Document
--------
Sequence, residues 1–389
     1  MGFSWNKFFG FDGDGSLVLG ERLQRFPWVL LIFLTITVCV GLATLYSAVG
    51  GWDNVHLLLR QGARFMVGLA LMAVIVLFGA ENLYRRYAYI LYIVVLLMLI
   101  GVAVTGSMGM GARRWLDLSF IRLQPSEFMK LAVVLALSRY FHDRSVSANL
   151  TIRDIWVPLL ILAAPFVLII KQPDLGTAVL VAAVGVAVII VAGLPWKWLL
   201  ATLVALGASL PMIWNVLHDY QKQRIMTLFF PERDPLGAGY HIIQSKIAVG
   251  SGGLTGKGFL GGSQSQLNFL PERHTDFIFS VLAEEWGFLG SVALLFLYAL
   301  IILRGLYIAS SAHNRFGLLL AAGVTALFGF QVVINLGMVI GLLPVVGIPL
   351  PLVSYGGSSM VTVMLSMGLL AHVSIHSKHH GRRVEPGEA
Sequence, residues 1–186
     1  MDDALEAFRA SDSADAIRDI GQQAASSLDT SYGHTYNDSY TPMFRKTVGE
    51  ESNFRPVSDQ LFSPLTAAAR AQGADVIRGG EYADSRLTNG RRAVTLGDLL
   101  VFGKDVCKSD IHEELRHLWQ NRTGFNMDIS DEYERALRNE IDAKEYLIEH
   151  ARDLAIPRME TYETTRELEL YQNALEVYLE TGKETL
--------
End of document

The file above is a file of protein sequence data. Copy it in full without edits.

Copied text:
Sequence, residues 1–389
     1  MGFSWNKFFG FDGDGSLVLG ERLQRFPWVL LIFLTITVCV GLATLYSAVG
    51  GWDNVHLLLR QGARFMVGLA LMAVIVLFGA ENLYRRYAYI LYIVVLLMLI
   101  GVAVTGSMGM GARRWLDLSF IRLQPSEFMK LAVVLALSRY FHDRSVSANL
   151  TIRDIWVPLL ILAAPFVLII KQPDLGTAVL VAAVGVAVII VAGLPWKWLL
   201  ATLVALGASL PMIWNVLHDY QKQRIMTLFF PERDPLGAGY HIIQSKIAVG
   251  SGGLTGKGFL GGSQSQLNFL PERHTDFIFS VLAEEWGFLG SVALLFLYAL
   301  IILRGLYIAS SAHNRFGLLL AAGVTALFGF QVVINLGMVI GLLPVVGIPL
   351  PLVSYGGSSM VTVMLSMGLL AHVSIHSKHH GRRVEPGEA
Sequence, residues 1–186
     1  MDDALEAFRA SDSADAIRDI GQQAASSLDT SYGHTYNDSY TPMFRKTVGE
    51  ESNFRPVSDQ LFSPLTAAAR AQGADVIRGG EYADSRLTNG RRAVTLGDLL
   101  VFGKDVCKSD IHEELRHLWQ NRTGFNMDIS DEYERALRNE IDAKEYLIEH
   151  ARDLAIPRME TYETTRELEL YQNALEVYLE TGKETL